Jose Luis Flores (Mechanical Engineer) completed his 85th week helping finish the Net-zero Bathroom component of the Earthbag Village. This week Jose Luis continued the development of the rain barrel support structure used in the Net-Zero Bathroom. He began by expanding the base of the structure to facilitate the orientation of the barrels. A static FEA was conducted on the expanded base at an overall force of 750lbs, 150% of the rain barrel weight, applied to the slotted unistrut beams. The maximum von Mises stresses were found to be 30% of the yield strength and the maximum beam deflection was found to be 16.9% of the maximum allowable beam deflection. He then rendered the base of the top barrel and performed a static FEA. The analysis included an additional 750lbs applied on the additional base. The maximum von Mises stresses were found to be 44% of the yield strength and the maximum beam deflection was found to be 50% of the maximum allowable beam deflection. A buckling FEA was conducted and measured a buckling factor of safety of 67.92. Based on the results there should be no failures due to yielding and buckling. The pictures below show some of this work.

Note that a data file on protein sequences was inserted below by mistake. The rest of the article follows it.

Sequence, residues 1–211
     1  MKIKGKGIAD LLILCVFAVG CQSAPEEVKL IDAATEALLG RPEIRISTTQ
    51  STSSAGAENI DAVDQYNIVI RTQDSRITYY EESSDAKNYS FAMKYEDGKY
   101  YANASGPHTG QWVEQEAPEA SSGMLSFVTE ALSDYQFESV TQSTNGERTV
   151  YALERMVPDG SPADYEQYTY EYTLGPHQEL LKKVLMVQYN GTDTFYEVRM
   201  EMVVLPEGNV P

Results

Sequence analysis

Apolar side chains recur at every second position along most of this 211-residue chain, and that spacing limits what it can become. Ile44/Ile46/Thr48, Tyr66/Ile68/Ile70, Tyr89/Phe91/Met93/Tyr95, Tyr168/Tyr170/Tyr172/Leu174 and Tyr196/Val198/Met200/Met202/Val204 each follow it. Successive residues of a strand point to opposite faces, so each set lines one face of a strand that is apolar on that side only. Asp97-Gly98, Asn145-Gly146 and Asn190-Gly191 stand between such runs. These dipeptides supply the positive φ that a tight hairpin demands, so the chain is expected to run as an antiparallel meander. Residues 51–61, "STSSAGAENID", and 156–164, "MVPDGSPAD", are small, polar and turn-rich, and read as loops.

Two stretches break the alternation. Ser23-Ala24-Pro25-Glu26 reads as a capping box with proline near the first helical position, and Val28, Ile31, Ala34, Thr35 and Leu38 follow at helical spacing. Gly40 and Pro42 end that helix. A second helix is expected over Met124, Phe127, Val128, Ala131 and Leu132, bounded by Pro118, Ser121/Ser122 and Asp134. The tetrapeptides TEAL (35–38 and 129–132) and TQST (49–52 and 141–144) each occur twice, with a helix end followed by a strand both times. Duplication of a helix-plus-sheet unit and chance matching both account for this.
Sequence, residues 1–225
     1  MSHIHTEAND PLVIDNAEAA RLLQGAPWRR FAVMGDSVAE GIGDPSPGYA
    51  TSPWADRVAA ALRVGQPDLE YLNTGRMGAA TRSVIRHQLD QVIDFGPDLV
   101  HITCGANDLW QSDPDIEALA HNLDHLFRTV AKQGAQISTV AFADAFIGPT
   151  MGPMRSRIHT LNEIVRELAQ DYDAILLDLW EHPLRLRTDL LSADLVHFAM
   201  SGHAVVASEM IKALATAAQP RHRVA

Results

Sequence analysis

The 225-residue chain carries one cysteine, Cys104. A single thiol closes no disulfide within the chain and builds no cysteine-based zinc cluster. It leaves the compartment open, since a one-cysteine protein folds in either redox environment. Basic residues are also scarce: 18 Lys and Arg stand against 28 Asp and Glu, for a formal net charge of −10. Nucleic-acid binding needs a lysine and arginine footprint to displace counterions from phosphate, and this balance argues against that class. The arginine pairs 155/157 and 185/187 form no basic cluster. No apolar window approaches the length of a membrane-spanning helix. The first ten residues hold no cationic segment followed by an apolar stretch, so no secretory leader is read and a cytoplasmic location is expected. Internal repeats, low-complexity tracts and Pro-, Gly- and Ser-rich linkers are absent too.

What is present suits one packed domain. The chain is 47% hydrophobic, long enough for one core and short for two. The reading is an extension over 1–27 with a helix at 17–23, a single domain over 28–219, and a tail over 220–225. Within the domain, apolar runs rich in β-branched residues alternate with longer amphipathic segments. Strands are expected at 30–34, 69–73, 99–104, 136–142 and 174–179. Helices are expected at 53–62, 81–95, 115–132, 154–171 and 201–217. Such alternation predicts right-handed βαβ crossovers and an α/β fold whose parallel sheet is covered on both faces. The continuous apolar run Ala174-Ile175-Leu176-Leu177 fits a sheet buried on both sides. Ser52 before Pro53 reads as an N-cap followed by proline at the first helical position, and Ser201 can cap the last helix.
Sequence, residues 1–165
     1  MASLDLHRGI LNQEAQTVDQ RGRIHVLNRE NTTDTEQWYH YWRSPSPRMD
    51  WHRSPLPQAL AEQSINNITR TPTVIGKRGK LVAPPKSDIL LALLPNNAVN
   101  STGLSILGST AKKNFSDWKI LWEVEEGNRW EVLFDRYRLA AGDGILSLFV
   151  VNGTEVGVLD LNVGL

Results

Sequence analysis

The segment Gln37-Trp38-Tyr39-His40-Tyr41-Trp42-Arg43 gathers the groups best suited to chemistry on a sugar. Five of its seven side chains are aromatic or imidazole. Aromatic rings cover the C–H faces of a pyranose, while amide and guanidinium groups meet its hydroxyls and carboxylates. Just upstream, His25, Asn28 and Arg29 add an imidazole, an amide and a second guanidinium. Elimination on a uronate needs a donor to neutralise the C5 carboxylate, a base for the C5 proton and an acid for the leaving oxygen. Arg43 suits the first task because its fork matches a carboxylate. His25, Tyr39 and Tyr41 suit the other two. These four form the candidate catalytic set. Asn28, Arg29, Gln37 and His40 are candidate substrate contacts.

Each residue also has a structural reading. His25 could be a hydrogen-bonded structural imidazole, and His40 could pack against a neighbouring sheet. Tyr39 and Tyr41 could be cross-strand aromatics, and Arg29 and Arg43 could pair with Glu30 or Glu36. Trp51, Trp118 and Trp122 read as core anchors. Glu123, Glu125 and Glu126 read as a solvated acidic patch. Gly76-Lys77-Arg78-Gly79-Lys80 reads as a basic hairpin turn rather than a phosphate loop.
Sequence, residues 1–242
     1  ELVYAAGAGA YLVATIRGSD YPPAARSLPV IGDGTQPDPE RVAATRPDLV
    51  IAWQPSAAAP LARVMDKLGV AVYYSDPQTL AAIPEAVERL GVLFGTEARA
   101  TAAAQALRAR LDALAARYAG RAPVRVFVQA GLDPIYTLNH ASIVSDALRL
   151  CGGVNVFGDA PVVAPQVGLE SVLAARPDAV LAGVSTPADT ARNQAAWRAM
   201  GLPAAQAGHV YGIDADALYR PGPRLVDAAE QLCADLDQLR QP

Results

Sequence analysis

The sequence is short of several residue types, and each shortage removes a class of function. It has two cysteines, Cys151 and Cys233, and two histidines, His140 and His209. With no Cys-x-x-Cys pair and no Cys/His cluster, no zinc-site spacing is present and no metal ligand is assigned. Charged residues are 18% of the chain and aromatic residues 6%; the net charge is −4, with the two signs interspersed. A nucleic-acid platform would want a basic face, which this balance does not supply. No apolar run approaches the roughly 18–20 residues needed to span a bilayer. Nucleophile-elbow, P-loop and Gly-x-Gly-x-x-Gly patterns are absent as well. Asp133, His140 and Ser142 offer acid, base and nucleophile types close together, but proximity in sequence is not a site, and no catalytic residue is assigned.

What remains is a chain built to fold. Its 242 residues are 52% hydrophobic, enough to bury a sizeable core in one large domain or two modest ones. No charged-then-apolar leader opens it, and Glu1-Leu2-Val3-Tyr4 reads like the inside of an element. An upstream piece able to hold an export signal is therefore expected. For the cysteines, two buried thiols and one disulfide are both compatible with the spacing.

Daniela Andrea Parada (Civil Engineering Student) completed her 36th week helping with the Sustainable Roadways, Walkways, and Landscaping, Earthbag Village, and the final Aquapini & Walipini website updates. This week Daniela started by editing and adding to the narrative of the water catchment off the dome homes. New calculations were introduced in this section, and she recalculated the overall water catchment for the complete Earthbag Village based on the new values. She reviewed the edits and computed the volume for water catchment storage over the span of a year. The values calculated appeared to be too large so Daniela went over the calculations, attempting to make adjustments where needed. She plans to continue to work on this section since she now has the feedback she needs to continue. For the Roadways, Walkways, Parking Lot and Gutters Report, Daniela created a cost analysis chart for the parking lot with the updated materials, using Autodesk to obtain measurements and researching the costs of the new materials. Lastly, Daniela reviewed comments and read through an article Tugce suggested for the roadways cost analysis. Pictures below are related to this work.
The Compression Team consisting of Dominick Banuelos (Civil Engineering Intern), Jarot Tamba (Civil Engineering Intern), John Paul D. Matining (Civil Engineer Intern), and Marcus Nguyen (Civil Engineering Intern) completed their 24th week helping with the Aircrete and earthbag compression testing. This week the Compression Testing Team completed compression testing on the 48-hours-cured cylinders. The team worked with Sangam to review and confirm all the necessary data needed for recording. On the day of testing, the team labeled each cylinder, weighed the cylinders, and did compression testing. The team found that the lightest and standard aircrete mixes were too soft for the compression testing apparatus to record failure accurately, but the 3 heavy mixes were successful. The Team reviewed the work plan for Sunday to compression test the 1-week-cured cylinders. Pictures below are related to this work.